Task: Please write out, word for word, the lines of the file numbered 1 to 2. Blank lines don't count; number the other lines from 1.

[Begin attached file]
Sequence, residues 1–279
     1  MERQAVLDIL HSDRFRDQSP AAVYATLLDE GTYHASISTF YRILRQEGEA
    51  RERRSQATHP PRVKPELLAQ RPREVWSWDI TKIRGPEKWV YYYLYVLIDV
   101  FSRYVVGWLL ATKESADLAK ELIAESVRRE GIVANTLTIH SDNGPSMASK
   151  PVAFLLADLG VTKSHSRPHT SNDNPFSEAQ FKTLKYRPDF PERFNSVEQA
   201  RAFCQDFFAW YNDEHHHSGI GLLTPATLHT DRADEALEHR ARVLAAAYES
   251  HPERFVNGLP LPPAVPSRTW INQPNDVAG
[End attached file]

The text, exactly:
Sequence, residues 1–279
     1  MERQAVLDIL HSDRFRDQSP AAVYATLLDE GTYHASISTF YRILRQEGEA